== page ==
Such a style makes for a positive sounding story. “Significant” suggests to everyone (but a statistician) that the result is important. “p < 0.05” adds credibility; that there is mathematics behind the result. And adopting this style add the possibility of making even stronger sounding statements. For instance, researches will use “strongly significant” along with a tighter-sounding numerical result, say “p < 0.01.” Or even, “highly significant (p < 0.001).”

At a human level, it’s understandable that scientists like to trumpet their results. But the proper interpretation of scientific rhetoric requires that you understand that “significance” has nothing at all to do with common-sense notions of importance. We could easily avoid the misleading implications of “significance” by replacing it with a more accurate word, discernible^{} .

The quantity being reported in the broccoli/cancer result, p < 0.05, is called a p-value^{} . It is an intermediate result in hypothesis-testing. If you ask, conf_interval() will report it for you.

Warning: The `tidy()` method for objects of class `model_object` is not maintained by the broom team, and is only supported through the `lm` tidier method. Please be cautious in interpreting and reporting broom output.
This warning is displayed once per session.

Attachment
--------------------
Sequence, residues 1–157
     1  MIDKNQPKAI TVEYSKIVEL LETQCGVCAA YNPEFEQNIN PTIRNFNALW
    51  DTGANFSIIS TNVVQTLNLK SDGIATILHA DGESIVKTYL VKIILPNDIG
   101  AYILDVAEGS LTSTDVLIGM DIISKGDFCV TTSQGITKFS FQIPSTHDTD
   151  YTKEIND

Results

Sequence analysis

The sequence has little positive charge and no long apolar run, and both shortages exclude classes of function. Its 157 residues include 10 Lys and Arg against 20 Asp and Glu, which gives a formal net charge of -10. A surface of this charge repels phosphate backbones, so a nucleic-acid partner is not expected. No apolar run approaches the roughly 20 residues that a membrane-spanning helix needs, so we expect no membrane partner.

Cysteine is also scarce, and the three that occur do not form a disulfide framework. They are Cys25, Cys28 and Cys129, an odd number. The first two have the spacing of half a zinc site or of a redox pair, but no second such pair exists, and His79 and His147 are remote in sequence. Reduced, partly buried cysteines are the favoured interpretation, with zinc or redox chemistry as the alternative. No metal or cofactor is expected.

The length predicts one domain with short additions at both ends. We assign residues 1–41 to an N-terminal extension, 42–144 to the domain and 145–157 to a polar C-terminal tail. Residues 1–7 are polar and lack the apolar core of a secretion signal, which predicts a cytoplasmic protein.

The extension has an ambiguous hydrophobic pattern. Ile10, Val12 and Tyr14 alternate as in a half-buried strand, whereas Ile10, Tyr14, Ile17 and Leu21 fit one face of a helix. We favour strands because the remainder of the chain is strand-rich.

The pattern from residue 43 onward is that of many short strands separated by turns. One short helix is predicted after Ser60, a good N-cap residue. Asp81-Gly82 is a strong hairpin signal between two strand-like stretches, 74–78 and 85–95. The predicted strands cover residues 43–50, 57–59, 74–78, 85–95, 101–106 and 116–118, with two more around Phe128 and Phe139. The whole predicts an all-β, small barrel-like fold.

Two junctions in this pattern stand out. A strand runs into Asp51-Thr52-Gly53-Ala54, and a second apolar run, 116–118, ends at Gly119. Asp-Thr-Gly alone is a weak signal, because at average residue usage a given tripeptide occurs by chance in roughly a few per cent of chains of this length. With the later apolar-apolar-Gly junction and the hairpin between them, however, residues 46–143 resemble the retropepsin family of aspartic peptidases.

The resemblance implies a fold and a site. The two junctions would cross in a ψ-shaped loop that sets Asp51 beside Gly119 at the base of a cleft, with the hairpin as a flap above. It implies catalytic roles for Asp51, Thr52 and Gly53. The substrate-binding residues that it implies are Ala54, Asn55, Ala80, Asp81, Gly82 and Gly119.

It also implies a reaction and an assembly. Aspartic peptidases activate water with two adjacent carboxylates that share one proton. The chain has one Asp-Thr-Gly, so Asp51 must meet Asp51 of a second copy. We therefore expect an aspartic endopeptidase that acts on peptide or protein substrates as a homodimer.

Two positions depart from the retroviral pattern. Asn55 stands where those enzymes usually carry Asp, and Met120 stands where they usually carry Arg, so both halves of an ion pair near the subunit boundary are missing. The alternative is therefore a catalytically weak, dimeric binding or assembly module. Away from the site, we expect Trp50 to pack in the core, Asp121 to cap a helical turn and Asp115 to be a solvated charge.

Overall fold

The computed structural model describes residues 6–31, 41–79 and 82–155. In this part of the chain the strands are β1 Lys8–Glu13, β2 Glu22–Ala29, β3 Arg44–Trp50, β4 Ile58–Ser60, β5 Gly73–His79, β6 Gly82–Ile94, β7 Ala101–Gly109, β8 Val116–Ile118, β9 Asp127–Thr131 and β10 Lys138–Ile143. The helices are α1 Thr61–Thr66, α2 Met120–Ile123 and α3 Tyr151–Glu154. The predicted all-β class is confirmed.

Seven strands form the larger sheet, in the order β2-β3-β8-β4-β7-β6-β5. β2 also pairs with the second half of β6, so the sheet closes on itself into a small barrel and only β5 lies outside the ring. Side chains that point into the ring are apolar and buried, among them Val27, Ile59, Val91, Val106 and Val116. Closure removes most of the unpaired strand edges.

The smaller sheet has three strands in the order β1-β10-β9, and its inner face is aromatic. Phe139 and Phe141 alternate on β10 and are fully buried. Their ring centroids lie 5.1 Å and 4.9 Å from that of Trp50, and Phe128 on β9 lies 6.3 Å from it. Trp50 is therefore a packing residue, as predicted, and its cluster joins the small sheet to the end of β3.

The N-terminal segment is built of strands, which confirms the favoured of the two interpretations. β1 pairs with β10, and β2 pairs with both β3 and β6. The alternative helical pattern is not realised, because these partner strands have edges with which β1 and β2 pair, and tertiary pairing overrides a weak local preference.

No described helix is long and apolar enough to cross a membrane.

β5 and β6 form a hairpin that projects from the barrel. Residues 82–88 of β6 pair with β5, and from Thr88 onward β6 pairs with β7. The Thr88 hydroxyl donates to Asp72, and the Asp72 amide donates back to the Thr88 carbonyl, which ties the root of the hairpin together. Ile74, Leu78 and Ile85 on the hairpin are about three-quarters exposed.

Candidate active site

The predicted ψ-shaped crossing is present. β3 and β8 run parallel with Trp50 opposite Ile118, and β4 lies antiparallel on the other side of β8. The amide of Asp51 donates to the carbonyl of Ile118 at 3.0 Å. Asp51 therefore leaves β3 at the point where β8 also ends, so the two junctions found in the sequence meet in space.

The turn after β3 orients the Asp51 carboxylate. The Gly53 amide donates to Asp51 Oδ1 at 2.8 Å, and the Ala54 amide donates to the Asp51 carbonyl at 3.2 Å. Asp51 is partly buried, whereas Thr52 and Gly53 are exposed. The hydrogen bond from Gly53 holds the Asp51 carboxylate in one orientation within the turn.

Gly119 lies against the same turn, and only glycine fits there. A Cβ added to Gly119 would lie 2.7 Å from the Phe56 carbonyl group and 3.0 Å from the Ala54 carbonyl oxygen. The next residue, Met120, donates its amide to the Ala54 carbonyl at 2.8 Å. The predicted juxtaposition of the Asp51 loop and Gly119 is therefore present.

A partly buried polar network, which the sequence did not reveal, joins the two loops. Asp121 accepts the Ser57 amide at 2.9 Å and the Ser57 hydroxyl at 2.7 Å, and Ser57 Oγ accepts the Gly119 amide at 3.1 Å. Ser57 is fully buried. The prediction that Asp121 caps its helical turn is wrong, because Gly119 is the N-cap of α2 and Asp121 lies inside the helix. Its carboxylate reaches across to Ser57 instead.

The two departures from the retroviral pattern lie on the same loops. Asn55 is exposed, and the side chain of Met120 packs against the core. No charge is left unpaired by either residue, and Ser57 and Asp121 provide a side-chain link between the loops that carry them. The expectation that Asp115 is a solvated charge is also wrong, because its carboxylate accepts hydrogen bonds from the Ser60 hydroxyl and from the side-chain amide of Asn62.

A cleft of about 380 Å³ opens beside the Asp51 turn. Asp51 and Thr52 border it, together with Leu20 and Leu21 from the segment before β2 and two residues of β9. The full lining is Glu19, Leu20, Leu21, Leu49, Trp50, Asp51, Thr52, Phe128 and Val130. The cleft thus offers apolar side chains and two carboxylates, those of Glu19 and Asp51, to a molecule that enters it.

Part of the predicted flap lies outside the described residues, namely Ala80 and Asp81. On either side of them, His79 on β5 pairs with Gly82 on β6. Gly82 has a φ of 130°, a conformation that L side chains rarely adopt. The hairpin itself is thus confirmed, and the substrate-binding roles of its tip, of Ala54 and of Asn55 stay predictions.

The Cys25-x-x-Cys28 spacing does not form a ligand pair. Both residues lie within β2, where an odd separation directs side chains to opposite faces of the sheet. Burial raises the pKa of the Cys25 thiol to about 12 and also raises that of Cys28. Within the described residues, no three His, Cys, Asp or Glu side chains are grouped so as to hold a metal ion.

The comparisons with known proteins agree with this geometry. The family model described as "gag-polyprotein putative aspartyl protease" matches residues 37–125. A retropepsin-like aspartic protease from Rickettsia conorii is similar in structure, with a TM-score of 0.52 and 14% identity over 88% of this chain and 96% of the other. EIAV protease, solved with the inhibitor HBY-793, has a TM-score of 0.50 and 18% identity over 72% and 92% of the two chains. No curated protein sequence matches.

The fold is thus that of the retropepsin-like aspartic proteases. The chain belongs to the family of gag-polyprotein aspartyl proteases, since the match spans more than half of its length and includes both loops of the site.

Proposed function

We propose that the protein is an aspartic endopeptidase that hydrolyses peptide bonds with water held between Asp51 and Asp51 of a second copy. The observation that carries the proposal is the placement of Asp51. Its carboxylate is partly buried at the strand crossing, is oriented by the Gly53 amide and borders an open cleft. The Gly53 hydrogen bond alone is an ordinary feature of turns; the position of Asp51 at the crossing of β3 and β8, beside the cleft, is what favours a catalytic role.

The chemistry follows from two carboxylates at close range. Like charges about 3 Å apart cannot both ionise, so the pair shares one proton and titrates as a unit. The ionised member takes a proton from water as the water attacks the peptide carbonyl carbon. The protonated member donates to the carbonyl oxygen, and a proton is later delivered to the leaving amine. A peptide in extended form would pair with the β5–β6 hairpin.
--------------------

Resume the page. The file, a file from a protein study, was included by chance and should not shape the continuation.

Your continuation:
term

.lwr

.coef

.upr

p.value

(Intercept)

-0.0628351

-0.0013946

0.0600459

0.9644821

x

0.0129619

0.0732575

0.1335530

0.0173026

It’s a straightforward matter of mathematics to convert a confidence interval to a p-value. But many statisticians regard the confidence interval as more meaningful than a p-value, since it presents important information such as effect size^{} .

Just as each model coefficient can be given a p-value, the R^{2} model summary can as well. Indeed, the R2() model summary function displays the p-value. ?lst-R2-on-model provides an example for the same model shown in ?lst-our-model.

Our_model |>R2()

n

k

Rsquared

F

adjR2

p

df.num

df.denom

1000

1

0.0056635

5.684385

0.0046672

0.0173022

1

998

Look carefully at the p-values reported for Our_model in ?lst-R2-on-model and ?lst-on-model. The p-values are identical. This is not a coincidence. Whenever there is single, quantitative explanatory variable, the p-values from the confidence interval and from R^{2} will always be the same.

When there are multiple explanatory variables, or even a single explanatory variable with multiple levels, R^{2} p-values become genuinely useful. We provide more background in @enr29-04.

Statistical discernibility, visibly

Following statistician Jeffrey Witmer, we have used the word “discernible” to translate the outcome of NHT into more or less everyday language:

“Reject the Null hypothesis” corresponds to “there is a discernible relationship” between the response and explanatory variables.

“Fail to reject the Null hypothesis” means that “the relationship was not discernible.”

In this section we will draw a picture of what “discernibly” means in the context of model summaries. As a metaphor, think of a coast watcher looking out from the heights over a foggy ocean to see if a ship is approaching. There are vague, changing patterns in the clouds that create random indications that something might be out there.

To show how the ship-watching metaphor applies to hypotheses testing, we will conduct a hypothesis test on data from the Not_null_sim introduced in Section 29.1. By reading the formulas of the simulation (see ?lst-not-null-sim), we can definitely see that there is a relationship between variables y and x. Where the fog comes into play is when we use data from the simulation to try to detect the relationship.